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Biography of Charles R. Hewins
Posted By Dennis Partridge On In Kansas,Missouri | No Comments
Charles R. Hewins is in point of continuous service one of the oldest educators in Kansas. His work had been accomplished almost entirely within the limits of Doniphan County. For thirty years he had been connected with the schools of that county and in November, 1916, he was elected county superintendent, beginning May 14, 1917.
Mr. Hewins represents a pioneer family of Northeastern Kansas, and his own birth occurred near Wathena on December 1, 1866. His family were Colonial settlers in Maine from England. His grandfather, John A. Hewins, Sr., was a native of Maine, followed farming in that state all his life and died at Augusta in 1879. He married Roxanna Day, also a native of Maine, who died near Augusta.
J. A. Hewins, father of Professor Hewins, was born near Augusta, Maine, in 1828, grew up in the Pine Tree State and arrived in Kansas in the spring of 1866, the same year that his son Charles R. was born. He was one of the early farmers in the vicinity of Wathena, and supent many industrious years in that locality, where he died in 1914. He was an old soldier of the Union, having enlisted from Iowa in 1861 in Company I of the Twenty-first Iowa Infantry. He was through all the war and most of his service was on the western border along the Mississippi. He participated in the movement to keep Price’s army out of Kansas. Politically he was a republican and was a member of the Baptist Church. J. A. Hewins married Susan Rappelye, who was born near Penn Yan, New York, in 1843 and died at their home near Wathena in 1909. To their marriage were born three children: Charles R.; Ella, wife of Joseph Cordonier, a farmer near Wathena; and John, who is engaged in farming near Knoxville, Tennessee.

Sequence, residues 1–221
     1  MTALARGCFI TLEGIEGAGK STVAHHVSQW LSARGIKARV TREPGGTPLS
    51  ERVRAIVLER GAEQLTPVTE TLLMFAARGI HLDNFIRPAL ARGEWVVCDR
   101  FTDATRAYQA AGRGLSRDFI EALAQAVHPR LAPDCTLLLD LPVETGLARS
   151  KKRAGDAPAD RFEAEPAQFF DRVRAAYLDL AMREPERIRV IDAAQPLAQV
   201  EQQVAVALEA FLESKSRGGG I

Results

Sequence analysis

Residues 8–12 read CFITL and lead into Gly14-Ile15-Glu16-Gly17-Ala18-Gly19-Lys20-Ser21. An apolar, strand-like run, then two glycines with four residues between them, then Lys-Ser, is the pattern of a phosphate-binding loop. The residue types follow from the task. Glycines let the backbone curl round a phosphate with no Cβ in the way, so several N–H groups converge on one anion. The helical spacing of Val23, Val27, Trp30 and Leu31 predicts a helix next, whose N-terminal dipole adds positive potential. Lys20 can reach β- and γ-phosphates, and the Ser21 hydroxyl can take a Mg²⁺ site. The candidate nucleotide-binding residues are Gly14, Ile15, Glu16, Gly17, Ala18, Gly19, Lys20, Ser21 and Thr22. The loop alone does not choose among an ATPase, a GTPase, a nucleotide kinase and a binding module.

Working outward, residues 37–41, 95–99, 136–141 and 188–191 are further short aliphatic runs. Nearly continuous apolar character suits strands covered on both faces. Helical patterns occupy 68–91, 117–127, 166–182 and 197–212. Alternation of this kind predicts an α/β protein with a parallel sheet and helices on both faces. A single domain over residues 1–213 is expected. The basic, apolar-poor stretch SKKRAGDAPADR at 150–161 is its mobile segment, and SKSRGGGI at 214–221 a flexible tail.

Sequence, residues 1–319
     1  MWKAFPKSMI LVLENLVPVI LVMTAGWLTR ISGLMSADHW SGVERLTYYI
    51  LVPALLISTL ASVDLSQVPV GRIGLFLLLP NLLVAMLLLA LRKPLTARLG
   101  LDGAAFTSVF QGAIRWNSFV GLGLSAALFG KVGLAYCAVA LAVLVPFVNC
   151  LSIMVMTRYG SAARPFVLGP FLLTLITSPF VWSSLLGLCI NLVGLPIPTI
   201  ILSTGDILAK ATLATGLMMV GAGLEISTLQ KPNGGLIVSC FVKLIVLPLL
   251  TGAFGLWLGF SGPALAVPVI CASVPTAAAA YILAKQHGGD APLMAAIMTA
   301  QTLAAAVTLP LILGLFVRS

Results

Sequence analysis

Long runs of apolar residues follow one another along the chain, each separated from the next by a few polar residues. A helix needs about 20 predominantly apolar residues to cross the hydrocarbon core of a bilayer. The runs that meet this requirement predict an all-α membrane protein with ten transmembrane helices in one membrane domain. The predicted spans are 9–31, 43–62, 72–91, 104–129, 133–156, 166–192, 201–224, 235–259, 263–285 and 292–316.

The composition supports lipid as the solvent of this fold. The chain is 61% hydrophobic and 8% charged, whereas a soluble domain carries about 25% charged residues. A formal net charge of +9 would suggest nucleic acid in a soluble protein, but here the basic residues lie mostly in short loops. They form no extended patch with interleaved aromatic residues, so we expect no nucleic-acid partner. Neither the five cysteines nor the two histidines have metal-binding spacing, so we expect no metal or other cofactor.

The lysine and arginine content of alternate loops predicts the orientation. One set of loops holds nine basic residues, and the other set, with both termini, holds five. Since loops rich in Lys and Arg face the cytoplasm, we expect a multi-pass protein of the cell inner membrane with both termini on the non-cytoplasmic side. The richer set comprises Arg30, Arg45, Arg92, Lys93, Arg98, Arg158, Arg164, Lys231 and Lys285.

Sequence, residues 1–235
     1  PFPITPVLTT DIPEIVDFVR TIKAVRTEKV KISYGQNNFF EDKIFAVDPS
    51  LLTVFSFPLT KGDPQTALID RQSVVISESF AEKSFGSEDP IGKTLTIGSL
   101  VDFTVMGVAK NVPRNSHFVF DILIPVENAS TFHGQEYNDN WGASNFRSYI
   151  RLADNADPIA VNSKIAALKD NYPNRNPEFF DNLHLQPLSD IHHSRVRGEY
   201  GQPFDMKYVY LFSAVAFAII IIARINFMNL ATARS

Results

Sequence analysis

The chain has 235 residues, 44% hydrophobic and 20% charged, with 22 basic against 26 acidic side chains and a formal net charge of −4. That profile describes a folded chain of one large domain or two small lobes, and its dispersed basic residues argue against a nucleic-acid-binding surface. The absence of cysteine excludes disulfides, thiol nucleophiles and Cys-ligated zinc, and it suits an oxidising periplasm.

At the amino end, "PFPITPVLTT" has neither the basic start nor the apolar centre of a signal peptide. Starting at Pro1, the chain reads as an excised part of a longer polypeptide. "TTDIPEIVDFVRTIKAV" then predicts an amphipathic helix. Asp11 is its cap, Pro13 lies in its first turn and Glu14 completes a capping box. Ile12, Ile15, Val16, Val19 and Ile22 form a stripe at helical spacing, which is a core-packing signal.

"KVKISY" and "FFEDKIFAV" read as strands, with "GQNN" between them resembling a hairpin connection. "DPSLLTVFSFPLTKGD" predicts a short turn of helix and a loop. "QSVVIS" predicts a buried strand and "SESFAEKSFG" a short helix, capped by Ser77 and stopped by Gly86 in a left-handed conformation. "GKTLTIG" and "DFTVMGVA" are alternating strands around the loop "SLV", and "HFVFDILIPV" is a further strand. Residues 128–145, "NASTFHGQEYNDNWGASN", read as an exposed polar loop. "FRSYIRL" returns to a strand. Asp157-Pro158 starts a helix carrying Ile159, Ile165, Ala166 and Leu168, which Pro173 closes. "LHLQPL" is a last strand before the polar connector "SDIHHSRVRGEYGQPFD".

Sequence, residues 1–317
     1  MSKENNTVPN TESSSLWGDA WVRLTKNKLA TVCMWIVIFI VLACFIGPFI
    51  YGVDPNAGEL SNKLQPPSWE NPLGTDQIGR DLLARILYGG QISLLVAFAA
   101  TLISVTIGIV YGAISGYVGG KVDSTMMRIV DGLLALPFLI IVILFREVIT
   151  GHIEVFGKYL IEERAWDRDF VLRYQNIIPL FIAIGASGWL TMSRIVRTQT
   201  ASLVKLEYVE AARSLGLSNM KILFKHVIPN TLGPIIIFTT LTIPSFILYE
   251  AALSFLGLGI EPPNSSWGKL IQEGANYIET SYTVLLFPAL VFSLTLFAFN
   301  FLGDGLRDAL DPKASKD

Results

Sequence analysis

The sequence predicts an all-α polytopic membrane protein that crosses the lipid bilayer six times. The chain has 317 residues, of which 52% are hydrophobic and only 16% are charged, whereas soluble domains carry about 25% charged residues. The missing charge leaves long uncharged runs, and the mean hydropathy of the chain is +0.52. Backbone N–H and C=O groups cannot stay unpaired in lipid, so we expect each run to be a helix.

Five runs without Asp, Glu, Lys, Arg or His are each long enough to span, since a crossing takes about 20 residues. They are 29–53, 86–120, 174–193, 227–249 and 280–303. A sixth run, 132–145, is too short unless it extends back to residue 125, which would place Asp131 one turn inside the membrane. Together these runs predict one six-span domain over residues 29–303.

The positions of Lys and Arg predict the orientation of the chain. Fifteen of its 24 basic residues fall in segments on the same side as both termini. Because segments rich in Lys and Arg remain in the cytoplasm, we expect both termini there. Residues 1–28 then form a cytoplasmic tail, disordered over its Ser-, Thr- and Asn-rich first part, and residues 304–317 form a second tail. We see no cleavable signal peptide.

Charles R. Hewins grew up on his father’s farm in Doniphan County, attended the rural schools there, and in 1885 graduated from the high school of St. Joseph, Missouri. After high school he took up teaching in Kansas, and at intervals attended college to supplement his earlier advantages. For two years he was a student in the noted old Park College at Parkville, Missouri, and for one year attended Campbell University at Holton, Kansas. His thirty years of experience as a teacher in Doniphan County includes nine years of rural sehools and for twenty-one consecutive years he was principal of the Severance High School. Thus to his present office of county superintendent he brought an unexcelled experience and understanding of all local conditions, and the school system of the county may be naturally expected to derive vast good and benefit from his administration. As county superintendent his supervision extends to eighty schools, a total enrollment of 3,900 pupils and a teaching staff of 135.
Mr. Hewins is a republican in politics. He is an active member of the Doniphan County and Kansas State Teachers’ associations. While a teacher is usually a poor man, Mr. Hewins had exercised a commendable degree of thrift, and besides his home at Troy, Kansas, he owned a well improved farm of 160 acres in Union Township of Doniphan County.
Mr. Hewins married in this county in 1900 Miss Delia A. Heeney, member of the well known pioneer Heeney family. She is a daughter of Barney and Mary (O’Neil) Heeney, both now deceased. Her father located on a farm in Doniphan County in 1859, before Kansas became a state.
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